The White House said President Biden does not plan to visit the demilitarized zone during his trip to South Korea.
Mr. Biden is going to the east Asian country at the end of the week for a summit in Seoul with new South Korean President Yoon Suk Yeol.
“They will have an agenda to talk about a lot of things, including North Korea, but he’s not going to the DMZ,” said White House press secretary Karine Jean-Pierre. “As vice president, he has been there before.”
The DMZ is a strip of land that has split the Korean peninsula in two along the 38th parallel since the Korean War ended in an armistice in 1953. Since the war is technically not over, the zone is heavily militarized and has been the site of skirmishes and several visits from U.S. dignitaries and presidents.
Former President Donald Trump famously went to the DMZ in 2019 and stepped onto North Korean soil with dictator Kim Jong-un amid attempts to reel in Pyongyang’s nuclear ambitions. Mr. Kim paused long-range missile tests for a while but Mr. Trump was unable to get Mr. Kim to abandon his nuclear aims.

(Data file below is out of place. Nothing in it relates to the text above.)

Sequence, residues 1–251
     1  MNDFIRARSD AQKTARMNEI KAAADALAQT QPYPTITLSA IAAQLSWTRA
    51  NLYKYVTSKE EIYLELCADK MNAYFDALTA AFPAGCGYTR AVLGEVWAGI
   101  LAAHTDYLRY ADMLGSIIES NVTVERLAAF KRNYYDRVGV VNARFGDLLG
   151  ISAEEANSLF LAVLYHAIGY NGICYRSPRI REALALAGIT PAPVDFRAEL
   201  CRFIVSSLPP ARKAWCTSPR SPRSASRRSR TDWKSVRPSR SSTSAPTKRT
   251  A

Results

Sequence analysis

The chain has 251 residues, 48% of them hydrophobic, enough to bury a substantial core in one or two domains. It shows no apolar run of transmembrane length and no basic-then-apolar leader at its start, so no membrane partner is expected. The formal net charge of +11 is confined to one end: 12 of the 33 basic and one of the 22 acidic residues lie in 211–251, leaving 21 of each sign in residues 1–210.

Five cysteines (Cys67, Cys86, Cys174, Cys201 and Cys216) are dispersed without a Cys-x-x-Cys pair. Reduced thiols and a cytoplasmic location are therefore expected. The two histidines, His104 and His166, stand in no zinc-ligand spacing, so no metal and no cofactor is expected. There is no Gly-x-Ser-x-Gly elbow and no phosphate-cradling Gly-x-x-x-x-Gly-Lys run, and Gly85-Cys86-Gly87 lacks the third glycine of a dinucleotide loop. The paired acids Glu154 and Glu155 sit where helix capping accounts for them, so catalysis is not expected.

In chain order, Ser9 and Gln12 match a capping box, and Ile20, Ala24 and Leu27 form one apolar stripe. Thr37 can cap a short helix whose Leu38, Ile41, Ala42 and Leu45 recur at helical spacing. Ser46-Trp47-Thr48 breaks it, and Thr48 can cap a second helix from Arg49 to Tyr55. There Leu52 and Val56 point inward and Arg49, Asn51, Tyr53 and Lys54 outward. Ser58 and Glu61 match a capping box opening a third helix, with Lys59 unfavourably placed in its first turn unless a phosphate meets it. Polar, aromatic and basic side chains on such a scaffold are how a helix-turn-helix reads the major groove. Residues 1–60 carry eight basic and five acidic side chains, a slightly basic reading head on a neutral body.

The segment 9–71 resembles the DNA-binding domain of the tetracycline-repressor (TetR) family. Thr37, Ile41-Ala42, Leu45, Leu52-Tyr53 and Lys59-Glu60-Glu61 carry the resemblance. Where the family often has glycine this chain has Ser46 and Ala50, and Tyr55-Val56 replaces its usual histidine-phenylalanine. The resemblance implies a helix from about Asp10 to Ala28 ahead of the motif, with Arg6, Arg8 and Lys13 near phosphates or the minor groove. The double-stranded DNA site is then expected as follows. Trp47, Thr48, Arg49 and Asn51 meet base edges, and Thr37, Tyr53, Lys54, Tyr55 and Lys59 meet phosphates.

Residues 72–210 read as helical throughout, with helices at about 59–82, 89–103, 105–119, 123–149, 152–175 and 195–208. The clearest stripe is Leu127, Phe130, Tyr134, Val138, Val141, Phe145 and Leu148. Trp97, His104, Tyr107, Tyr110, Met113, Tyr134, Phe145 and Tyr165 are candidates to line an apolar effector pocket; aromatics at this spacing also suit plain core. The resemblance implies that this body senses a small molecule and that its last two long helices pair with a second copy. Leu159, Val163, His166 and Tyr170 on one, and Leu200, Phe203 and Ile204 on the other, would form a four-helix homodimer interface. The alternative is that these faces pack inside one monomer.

Intelligence reports suggest Mr. Kim might use Mr. Biden‘s visit to test ballistic missiles or even conduct a nuclear test.
National Security Adviser Jake Sullivan said the U.S. is coordinating with allies in South Korea and Japan and has spoken to China about the possibility of a North Korean test during the trip.
“We are prepared obviously to make both short and longer-term adjustments to our military posture as necessary to ensure we are providing both defense and deterrence to our allies in the region and we are responding to any North Korean provocation,” he said.